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Wait, What?

If you don't have a sense of humor, the market's reaction to the Fed minutes was probably pretty frustrating for you. 

If you don’t have a sense of humor, the market’s reaction to the Fed minutes was probably pretty frustrating for you.

Initially, it looked like folks had determined that the committee wasn’t hawkish enough. Specifically, everyone seemed to be selectively keying on some of the more dovish language around the inflation outlook as equities initially spiked and the dollar took a dive. Here’s one excerpt that got some attention:

However, some participants saw an appreciable risk that inflation would continue to fall short of the Committee’s objective. These participants saw little solid evidence that the strength of economic activity and the labor market was showing through to significant wage or inflation pressures.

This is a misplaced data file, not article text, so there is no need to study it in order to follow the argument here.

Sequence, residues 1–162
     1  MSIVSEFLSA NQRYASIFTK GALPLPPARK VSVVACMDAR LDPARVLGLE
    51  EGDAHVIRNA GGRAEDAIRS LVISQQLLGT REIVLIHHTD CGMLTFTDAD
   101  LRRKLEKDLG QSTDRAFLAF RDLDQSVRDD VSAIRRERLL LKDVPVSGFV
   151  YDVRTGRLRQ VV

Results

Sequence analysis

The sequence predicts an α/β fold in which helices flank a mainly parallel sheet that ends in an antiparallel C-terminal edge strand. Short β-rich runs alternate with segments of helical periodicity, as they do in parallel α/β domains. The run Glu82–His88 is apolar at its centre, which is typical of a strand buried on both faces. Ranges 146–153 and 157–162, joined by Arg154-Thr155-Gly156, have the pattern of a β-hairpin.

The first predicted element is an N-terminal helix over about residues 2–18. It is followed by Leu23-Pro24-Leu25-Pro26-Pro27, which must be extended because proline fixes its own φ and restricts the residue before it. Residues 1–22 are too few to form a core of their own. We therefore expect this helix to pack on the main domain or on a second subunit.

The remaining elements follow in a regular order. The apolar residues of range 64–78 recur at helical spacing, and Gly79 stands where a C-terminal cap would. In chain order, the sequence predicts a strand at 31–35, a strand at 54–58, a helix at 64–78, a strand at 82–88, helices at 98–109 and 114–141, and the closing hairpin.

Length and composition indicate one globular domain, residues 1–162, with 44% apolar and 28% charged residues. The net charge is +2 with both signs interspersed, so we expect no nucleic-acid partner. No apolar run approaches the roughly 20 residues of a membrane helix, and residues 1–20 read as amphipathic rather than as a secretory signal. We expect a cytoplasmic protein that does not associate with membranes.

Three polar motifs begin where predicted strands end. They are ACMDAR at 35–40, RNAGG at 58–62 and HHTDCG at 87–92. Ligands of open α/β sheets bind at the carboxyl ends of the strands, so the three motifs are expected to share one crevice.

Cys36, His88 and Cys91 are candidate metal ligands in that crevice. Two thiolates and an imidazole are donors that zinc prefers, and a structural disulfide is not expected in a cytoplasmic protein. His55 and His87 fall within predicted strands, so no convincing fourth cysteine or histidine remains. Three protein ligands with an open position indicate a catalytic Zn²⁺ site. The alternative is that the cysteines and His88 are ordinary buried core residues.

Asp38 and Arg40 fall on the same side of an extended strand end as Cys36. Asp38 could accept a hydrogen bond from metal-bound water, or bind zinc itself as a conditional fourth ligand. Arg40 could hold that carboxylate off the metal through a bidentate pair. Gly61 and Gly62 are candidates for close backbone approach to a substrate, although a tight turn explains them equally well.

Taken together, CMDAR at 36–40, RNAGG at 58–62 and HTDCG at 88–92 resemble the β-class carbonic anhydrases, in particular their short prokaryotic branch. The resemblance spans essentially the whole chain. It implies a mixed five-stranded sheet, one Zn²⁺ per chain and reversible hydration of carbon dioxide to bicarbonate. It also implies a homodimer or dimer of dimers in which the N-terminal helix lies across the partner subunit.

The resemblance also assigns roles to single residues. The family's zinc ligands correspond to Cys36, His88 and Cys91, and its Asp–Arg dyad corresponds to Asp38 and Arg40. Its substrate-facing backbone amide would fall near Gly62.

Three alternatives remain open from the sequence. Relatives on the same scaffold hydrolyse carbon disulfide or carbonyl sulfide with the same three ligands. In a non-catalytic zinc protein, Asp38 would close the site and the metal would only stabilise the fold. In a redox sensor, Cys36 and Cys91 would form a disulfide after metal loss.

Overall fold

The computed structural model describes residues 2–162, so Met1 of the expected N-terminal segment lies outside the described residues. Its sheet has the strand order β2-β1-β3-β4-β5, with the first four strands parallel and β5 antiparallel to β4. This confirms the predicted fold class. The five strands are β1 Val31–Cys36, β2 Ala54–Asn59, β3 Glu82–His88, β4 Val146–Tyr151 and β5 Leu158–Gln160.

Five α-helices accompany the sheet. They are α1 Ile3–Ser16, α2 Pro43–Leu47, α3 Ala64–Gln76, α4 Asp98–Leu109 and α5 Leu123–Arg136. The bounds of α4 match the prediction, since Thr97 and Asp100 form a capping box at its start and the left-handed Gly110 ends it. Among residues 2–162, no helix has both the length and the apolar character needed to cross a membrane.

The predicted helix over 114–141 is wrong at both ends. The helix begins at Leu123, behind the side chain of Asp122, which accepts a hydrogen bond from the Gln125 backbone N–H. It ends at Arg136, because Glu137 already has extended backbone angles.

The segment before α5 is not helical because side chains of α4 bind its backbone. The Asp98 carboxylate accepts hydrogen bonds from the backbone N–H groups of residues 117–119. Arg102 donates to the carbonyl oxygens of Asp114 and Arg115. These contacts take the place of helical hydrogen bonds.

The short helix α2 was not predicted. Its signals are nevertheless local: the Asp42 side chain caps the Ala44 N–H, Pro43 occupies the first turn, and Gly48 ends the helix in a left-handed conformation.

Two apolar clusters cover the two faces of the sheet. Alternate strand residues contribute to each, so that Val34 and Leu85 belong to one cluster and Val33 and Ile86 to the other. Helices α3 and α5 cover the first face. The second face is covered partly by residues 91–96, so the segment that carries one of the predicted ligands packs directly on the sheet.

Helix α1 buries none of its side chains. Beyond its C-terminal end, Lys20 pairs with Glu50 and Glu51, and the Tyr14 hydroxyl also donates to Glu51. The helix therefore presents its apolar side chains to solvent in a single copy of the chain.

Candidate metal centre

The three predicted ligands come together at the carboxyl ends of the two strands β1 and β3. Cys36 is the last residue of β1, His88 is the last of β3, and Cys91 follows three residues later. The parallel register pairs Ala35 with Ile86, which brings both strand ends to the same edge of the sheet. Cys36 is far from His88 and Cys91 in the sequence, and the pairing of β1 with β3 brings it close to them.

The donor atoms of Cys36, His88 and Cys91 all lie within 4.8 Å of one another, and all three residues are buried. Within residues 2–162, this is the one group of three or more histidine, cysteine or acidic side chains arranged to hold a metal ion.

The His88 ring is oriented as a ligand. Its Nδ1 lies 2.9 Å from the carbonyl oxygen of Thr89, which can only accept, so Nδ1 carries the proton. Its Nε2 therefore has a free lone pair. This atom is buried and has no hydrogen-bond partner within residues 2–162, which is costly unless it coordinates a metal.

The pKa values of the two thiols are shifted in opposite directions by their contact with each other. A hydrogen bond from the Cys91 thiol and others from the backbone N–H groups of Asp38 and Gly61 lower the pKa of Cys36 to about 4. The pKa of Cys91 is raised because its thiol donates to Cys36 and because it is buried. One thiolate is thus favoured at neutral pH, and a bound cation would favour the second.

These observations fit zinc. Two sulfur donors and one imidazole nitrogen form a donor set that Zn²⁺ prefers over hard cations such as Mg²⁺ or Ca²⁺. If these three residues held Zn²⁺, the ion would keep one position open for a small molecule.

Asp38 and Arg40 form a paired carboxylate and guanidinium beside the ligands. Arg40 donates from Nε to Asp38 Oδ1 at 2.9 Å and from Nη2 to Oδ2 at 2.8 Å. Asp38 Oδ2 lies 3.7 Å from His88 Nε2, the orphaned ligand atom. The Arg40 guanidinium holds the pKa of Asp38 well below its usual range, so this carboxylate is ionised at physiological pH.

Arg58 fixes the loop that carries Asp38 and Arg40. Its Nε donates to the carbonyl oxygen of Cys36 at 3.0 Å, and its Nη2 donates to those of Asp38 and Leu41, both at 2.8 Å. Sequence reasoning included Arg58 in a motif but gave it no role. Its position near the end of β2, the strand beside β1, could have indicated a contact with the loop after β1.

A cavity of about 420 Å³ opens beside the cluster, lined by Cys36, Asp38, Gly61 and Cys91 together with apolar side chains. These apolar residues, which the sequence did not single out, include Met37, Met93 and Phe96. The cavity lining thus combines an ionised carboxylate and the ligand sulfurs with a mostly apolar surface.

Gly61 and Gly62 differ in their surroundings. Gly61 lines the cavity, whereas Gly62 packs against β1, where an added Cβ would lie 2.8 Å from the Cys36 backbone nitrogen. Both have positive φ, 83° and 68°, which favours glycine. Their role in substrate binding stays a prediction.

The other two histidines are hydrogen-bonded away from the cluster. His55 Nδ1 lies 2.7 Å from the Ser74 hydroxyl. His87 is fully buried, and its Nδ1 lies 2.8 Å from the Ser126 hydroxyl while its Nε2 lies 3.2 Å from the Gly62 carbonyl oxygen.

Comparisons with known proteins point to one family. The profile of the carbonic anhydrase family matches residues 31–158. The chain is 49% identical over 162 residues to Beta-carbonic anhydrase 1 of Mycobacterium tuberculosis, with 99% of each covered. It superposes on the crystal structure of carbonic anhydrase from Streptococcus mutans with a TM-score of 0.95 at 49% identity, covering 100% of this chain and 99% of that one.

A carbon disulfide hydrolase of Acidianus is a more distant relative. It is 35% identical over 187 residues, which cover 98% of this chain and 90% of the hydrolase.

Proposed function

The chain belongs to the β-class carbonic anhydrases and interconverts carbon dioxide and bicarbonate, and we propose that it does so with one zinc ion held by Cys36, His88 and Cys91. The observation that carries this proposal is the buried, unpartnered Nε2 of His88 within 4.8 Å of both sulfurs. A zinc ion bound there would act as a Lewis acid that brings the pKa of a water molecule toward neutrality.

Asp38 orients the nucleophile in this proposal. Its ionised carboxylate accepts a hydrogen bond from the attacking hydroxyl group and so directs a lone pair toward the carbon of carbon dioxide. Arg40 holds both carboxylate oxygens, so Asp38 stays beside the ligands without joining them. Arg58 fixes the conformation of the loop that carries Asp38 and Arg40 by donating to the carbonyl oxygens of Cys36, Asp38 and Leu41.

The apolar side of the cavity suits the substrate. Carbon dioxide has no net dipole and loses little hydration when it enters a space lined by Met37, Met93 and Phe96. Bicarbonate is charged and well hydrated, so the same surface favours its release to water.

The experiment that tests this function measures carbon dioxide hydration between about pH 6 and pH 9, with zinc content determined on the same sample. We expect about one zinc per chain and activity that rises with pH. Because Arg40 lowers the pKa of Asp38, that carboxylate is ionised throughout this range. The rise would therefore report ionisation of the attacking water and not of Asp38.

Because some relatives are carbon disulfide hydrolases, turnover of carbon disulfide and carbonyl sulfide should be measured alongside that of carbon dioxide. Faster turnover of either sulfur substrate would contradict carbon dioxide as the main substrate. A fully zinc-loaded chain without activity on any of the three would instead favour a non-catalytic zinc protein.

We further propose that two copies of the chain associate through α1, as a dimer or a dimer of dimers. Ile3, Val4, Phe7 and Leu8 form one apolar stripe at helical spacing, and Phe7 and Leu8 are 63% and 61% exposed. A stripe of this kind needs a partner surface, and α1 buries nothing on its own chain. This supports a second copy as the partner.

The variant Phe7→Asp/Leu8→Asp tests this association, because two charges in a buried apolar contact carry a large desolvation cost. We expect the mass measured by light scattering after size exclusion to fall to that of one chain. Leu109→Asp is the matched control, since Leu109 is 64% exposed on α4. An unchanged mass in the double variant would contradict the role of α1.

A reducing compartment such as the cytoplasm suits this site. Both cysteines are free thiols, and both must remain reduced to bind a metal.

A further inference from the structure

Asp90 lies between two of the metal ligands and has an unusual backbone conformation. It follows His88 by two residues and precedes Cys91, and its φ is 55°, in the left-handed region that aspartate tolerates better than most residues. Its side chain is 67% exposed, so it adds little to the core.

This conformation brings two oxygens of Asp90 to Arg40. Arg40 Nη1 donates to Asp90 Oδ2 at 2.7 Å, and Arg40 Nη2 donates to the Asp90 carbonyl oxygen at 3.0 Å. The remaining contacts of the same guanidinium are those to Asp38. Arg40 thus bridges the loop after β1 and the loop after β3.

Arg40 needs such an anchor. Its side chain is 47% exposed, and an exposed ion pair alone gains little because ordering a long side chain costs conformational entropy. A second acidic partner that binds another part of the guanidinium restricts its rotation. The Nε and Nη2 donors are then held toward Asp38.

Of course there’s been some “solid evidence” of just that since the January meeting and indeed the entire selloff that rocked markets earlier this month was predicated on the idea that the average hourly earnings number that accompanied the jobs report “proved” (or at least “suggested”) that inflation pressures were building. That, in turn, presages a more hawkish Fed. Don’t forget the interplay here. Here’s DB’s Kocic:

What complicates things is that the behavior of real rates at this point is also a function of expected inflation: Higher inflation warrants a more hawkish Fed and therefore pricing in higher real rates. The reaction of stocks is a non-linear function of inflation – although risk assets might “like” higher inflation, this would remain true only up to a certain point.